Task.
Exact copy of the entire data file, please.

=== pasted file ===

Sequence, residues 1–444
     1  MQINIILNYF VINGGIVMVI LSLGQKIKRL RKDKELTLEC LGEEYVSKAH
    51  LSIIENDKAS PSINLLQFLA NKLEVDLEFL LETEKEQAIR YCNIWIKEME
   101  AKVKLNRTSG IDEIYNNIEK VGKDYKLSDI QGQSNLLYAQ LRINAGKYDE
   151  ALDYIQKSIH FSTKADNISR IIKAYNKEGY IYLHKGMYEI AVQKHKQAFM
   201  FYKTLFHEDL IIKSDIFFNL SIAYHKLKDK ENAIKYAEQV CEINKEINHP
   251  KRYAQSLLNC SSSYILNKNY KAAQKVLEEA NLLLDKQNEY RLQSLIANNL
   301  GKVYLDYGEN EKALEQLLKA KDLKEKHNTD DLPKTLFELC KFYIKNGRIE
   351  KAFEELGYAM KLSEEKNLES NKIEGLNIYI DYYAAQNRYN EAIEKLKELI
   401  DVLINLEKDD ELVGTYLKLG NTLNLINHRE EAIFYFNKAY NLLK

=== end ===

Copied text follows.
Sequence, residues 1–444
     1  MQINIILNYF VINGGIVMVI LSLGQKIKRL RKDKELTLEC LGEEYVSKAH
    51  LSIIENDKAS PSINLLQFLA NKLEVDLEFL LETEKEQAIR YCNIWIKEME
   101  AKVKLNRTSG IDEIYNNIEK VGKDYKLSDI QGQSNLLYAQ LRINAGKYDE
   151  ALDYIQKSIH FSTKADNISR IIKAYNKEGY IYLHKGMYEI AVQKHKQAFM
   201  FYKTLFHEDL IIKSDIFFNL SIAYHKLKDK ENAIKYAEQV CEINKEINHP
   251  KRYAQSLLNC SSSYILNKNY KAAQKVLEEA NLLLDKQNEY RLQSLIANNL
   301  GKVYLDYGEN EKALEQLLKA KDLKEKHNTD DLPKTLFELC KFYIKNGRIE
   351  KAFEELGYAM KLSEEKNLES NKIEGLNIYI DYYAAQNRYN EAIEKLKELI
   401  DVLINLEKDD ELVGTYLKLG NTLNLINHRE EAIFYFNKAY NLLK